Anthologies are a horror film mainstay. It’s an effort to tell shorter stories that might deserve a telling without devoting an entire movie  In this case, each vignette is directed by a young up-and-coming filmmaker in the underground and mainstream horror genres. West is the best known, having directed the sequel to Cabin Fever which actually wasn’t all that bad for a direct-to-video effort and a really fine horror movie from last year called The Innkeepers. The rest are not as familiar to me so I didn’t really know what to expect. And pretty much as you might expect, the efforts here run from really good (the first tape) to not so much (the fourth).

The acting is as you also would expect rather uneven as well, although there are some finds. Hannah Fierman as Lily in the first movie is genuinely creepy. Her transformation from meek party girl to…well, I don’t want to spoil it but trust me it’s pretty spectacular and Hannah has a lot to do with it. If you see her in a bar near you walk on my friend, walk on.

The glitch man in the third vignette is also pretty nifty although the constant noise and jumpiness in the film gets really old really fast. In fact, one of the conceits of the movie is that they are all from videotapes so the quality of the images is pretty weak but that doesn’t mean the cinematography is bad, if that makes sense.

There is a gratuitous amount of gore and bare breasts, so if those things offend you my guess is you wouldn’t be interested in seeing a movie like this anyway. Everyone else, this is a solid and spectacular in places horror anthology that won’t completely win you over (the weak portions can be pretty boring and the movie at a little over two hours is about 20 minutes too long for my taste – a whole vignette could have been eliminated and they would have been much better off. Short of that, it’s available on VOD right now so if it isn’t playing near you, you can still check it out.

REASONS TO GO: Lots of gore and lots of boobs – mainstays for an excellent horror film.

REASONS TO STAY: Some of the vignettes are more successful than others.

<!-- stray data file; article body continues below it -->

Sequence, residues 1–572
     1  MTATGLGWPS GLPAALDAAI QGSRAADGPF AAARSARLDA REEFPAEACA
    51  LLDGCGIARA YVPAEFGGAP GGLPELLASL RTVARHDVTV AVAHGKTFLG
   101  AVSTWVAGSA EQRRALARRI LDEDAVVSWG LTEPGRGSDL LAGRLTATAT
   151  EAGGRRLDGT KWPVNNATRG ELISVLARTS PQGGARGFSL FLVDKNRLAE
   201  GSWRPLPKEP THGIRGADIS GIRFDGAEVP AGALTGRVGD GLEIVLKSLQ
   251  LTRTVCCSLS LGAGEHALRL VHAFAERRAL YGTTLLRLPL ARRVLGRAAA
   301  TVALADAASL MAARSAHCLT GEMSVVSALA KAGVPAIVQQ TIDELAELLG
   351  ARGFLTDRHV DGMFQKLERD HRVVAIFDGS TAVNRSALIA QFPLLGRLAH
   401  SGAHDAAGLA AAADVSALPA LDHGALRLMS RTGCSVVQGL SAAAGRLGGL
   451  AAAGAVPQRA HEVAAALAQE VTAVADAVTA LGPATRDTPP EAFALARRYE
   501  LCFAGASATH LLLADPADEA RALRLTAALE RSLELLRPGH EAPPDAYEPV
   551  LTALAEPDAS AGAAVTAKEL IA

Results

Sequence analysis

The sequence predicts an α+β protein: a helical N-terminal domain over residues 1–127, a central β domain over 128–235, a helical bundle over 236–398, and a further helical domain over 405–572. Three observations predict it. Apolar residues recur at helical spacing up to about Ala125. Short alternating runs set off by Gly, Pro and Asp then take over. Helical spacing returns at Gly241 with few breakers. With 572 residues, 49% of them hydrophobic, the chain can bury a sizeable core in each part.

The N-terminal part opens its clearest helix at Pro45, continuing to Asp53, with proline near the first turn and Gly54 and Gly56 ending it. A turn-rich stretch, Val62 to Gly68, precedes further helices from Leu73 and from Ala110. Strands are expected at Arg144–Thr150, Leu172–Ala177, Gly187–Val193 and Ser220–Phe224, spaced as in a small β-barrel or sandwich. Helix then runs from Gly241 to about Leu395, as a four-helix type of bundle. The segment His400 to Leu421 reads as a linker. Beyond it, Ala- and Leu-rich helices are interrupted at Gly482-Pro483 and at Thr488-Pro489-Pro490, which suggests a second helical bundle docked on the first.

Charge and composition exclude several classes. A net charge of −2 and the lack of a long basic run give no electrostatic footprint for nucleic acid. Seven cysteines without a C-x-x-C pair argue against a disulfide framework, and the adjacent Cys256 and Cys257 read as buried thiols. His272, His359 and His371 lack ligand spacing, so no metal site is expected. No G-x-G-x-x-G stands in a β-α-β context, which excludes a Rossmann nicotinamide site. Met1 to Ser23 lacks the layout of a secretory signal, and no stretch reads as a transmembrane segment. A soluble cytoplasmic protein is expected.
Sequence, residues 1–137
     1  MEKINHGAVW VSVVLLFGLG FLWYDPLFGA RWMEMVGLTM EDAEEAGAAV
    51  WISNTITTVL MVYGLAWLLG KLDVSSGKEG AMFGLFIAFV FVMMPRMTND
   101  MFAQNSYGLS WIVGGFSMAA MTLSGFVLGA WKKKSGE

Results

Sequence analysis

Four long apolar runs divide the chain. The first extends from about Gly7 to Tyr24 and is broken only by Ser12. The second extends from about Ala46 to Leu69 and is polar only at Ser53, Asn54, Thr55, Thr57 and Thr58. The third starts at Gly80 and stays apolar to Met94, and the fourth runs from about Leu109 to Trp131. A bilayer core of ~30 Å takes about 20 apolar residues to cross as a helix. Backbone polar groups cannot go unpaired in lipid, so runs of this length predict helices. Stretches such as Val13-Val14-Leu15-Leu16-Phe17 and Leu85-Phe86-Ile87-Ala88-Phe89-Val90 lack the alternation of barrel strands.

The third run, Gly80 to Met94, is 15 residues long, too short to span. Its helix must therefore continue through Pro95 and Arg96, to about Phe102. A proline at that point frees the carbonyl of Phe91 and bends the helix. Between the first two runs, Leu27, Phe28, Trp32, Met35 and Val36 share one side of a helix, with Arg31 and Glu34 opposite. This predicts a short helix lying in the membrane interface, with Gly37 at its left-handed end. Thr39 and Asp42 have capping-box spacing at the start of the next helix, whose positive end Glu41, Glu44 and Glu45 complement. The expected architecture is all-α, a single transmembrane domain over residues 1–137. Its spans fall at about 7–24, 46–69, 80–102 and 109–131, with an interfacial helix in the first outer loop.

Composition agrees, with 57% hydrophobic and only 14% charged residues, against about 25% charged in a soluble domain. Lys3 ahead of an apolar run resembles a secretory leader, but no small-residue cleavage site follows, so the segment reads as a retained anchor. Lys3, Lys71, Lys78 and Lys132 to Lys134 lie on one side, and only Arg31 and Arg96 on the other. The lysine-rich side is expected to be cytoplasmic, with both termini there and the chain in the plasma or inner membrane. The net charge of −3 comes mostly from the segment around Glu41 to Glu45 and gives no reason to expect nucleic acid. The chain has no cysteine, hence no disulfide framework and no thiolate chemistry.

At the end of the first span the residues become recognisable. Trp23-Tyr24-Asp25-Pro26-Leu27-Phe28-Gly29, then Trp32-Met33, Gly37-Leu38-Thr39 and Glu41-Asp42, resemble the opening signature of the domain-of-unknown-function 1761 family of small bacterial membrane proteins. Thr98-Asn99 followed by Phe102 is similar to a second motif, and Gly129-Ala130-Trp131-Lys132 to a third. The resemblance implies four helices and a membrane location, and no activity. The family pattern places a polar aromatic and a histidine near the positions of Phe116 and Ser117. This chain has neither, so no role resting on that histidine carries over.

FAMILY VALUES:  A load of strong and often gruesome violence, lots of nudity, a fair amount of bad language, some horrific images and a bit of drug use. Oh, and some sex

TRIVIAL PURSUIT: Director Ti West grew up in Delaware and went to the School of Visual Arts in Manhattan.

CRITICAL MASS: As of 10/27/12: Rotten Tomatoes: 52% positive reviews. Metacritic: 54/100. The reviews are as mixed as you can get.

COMPARISON SHOPPING: Videodrome

HORROR FILM ANTHOLOGY LOVERS: This comes from a tradition of horror film anthologies, several tales (often with different directors) linked together by a single story; among the more recognized anthologies include Twilight Zone: The Movie, Creepshow, Tales of Terror, Dr. Terror’s House of Horrors, Trilogy of Terror, Cat’s Eye and The House That Dripped Blood.

FINAL RATING: 6/10

NEXT: Day 3 in the Six Days of Darkness 2012

The Bleeding House


 

The Bleeding House

This isn’t the Fuller Brush man.

(2011) Horror (Tribeca) Alexandra Chando, Patrick Breen, Betsy Aidem, Charlie Hewson, Nina Lisandrello, Richard Bekin, Henderson Wade, Court Young, Victoria Dalpe. Directed by Phillip Gelatt

 

Your sins will generally find you out, and karma can come in an ice cream suit. Yeah, you’ve heard it before. Most of us do what we have to do to survive and occasionally we dodge what we perceive to be a bullet; but sometimes that lands us into a far worse situation.

The Smiths live on the outside of town, isolated and generally left to themselves. They are not really welcome in town; there was a fire which killed a family in town that the Smiths were pretty much credited with setting. However the father, Matt (Bekin) who is a crack lawyer, got his wife Marilyn (Aidem) off for the crime – she was the one accused. Ever since, the Smiths have been social pariahs.